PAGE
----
According to the step-by-step process, it is easy to hang Oversized Wall Art on the wall. Collect tools before you start and determine how to properly hang a large wall painting in the allocated space.
Supplies and Tools Needed
You need to collect some simple tools/consumables to ensure the success of your project. These include:
Scale: Scalable metal tape is a good choice.
Pencil: Use No. 2 pencil or automatic pencil to mark nail points.
Hammer: A common carpenter’s hammer can work, although you can use a nail hammer (interior decoration hammer).
Screwdriver: Electric screwdriver is easier to use than a manual screwdriver.
Photo hangers: Some painting have jagged hangers, some acrylic painting has D-ring hangers or steel wire hangers.
Artist’s tape: Used for double-screen hangers.
Mark: Double screen hanger.
Scissors: Cut off the artist’s tape.
Grade: Use with a painting featuring two or more hangers.
Steps for Symmetrical Layouts
Asymmetric layout depends on knowing the central location of the wall space you are using. This method will ensure that your large canvas painting layout is perfectly balanced. This is especially useful whether you use the whole wall for a gallery or just a part of the wall to build an image arrangement. If your layout is less traditional and won’t be symmetrical, then skip this step.
Step One: Find Center of Wall
The wall space you use can be rectangular or square. The correct measurement term used is the height and width of the wall space you are using. Measure the height and width of the wall space you are using. If you are using the entire wall space, you will need to find the center of the wall and start there. If your space is limited to an area of the wall, you will measure the height and width of the available space.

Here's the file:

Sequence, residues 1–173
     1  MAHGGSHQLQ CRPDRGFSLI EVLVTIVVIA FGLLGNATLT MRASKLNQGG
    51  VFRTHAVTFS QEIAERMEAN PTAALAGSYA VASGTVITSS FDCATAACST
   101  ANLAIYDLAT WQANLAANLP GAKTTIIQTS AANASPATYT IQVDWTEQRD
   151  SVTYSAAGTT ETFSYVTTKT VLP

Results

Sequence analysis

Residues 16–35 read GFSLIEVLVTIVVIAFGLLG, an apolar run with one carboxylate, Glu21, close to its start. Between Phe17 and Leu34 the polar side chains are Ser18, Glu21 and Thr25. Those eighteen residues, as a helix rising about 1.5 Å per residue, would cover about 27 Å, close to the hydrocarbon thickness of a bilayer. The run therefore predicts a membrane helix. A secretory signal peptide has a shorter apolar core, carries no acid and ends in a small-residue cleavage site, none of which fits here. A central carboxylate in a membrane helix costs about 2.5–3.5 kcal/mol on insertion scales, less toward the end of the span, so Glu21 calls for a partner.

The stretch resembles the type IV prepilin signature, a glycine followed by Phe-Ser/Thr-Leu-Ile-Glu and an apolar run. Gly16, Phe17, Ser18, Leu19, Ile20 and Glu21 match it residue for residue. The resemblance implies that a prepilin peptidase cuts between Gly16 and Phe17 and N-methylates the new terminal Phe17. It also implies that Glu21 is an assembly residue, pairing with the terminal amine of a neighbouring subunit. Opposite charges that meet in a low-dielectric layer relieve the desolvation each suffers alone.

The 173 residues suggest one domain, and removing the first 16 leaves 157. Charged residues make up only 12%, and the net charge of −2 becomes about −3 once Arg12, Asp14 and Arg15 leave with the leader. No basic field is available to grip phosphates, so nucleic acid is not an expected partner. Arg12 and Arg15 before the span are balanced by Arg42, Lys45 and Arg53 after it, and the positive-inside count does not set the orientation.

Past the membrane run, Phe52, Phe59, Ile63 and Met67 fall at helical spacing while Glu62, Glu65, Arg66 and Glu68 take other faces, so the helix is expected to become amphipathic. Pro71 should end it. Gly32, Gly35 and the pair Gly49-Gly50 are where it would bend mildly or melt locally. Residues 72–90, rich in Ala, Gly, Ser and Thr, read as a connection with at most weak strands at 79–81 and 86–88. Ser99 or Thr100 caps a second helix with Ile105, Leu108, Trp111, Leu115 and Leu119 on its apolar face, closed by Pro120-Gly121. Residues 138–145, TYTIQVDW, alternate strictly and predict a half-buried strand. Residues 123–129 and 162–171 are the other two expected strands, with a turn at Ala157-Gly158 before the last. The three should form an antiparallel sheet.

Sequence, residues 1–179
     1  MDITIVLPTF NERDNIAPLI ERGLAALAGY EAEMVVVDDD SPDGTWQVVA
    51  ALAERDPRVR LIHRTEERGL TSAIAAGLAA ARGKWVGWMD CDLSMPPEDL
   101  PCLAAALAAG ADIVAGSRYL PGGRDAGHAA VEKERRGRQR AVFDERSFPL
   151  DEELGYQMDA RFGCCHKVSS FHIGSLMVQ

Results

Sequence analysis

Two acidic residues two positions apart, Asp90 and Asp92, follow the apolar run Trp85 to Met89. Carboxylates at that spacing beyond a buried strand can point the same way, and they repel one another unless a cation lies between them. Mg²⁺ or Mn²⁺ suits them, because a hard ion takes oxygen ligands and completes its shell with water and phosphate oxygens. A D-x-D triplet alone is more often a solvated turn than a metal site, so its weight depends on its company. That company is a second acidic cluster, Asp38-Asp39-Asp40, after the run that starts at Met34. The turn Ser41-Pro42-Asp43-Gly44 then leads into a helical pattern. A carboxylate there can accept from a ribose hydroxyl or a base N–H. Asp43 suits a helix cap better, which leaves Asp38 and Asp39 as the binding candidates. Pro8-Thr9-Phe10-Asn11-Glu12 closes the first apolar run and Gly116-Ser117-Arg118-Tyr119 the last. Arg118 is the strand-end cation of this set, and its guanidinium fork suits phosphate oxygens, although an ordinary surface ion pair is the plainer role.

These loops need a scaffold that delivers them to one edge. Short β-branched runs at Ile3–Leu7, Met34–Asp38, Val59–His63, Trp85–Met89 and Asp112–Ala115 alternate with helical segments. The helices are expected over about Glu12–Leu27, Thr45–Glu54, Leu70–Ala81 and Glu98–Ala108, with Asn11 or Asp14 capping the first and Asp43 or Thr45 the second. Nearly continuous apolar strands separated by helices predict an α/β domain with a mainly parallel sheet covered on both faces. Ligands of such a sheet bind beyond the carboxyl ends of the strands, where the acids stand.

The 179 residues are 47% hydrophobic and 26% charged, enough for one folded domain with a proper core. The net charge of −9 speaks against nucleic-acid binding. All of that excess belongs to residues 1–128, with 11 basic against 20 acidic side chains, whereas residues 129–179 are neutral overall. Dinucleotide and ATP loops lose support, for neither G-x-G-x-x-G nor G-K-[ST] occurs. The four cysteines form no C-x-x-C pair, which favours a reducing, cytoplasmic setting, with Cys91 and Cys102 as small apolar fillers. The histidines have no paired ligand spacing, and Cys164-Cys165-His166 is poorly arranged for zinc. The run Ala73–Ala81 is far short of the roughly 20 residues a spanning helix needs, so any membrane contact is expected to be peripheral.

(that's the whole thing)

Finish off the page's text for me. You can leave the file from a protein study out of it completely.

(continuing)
To find the width:
The measuring wall begins at one end of the wall. Place tapes along the kickboard to measure wall width. For example, you can get 12 feet.
Once you know the width of the wall space you’re using, divide the number by two. So, 12 ÷ 2 = 6 feet.
Measure once more from the end of the wall until you reach the new number of 6 feet.
Mark the middle point with a pencil somewhere on the wall just above the kickboard or circular strip.
You also need to mark the center with a pencil at the top of the wall width.
To find the height:
Measure the wall height from the floor to the ceiling, keeping a straight vertical line all the way to the ceiling. For example, you may get 8 feet.
Divide the height measurement of the wall by two. So, 8 ÷ 2 = 4 feet.
Step Two: Intersect Width and Height Measurement
Now that you have both the width and height halfway points marked, use the measuring tape to pinpoint the precise center of the wall.
Match up the two width marks (top and bottom) by holding the tape measure from the floor to ceiling.
Mark the wall with a pencil at the 4-foot mark.
This is the absolute center of your wall space. It’s the point you’ll use to determine how to place your Big Canvas Art layout. You will measure for your layout from this center point for each side of your picture arrangement is symmetrical.
Partial Wall Spaces
As mentioned, you may not be using a full wall, but a partial wall space for your abstract canvas painting. If open wall space is limited, you’ll need to follow the same steps to get the center of the area you plan to use; just select ending points for space you plan to utilize.
How to Hang Gallery Walls and Groupings
One thing to consider when working with an abstract canvas arrangement or grouping is the space between the painting and the painting sizes. When working with uniform wall painting sizes, you can keep a consistent measurement between your painting so the grouping has a cohesive look. You can accommodate this space between your abstract wall art:
Decide on space you want between your painting. The general rule is 2 inches to 4 inches, depending on the wall sizes and the number of abstract painting.
Proceed with the measurements above to find the center of the wall.
The first picture you want to hang is the one that will be in the center of your grouping.
Once you have hung the picture, measure four strips of painter’s tape the width you desire between your pictures and apply to the wall from the edges of your picture (use level for even placement).
Proceed with the arrangement you pre-planned and repeat the process until all of your pictures have been hung on the wall.
Remove tape and enjoy your wall gallery.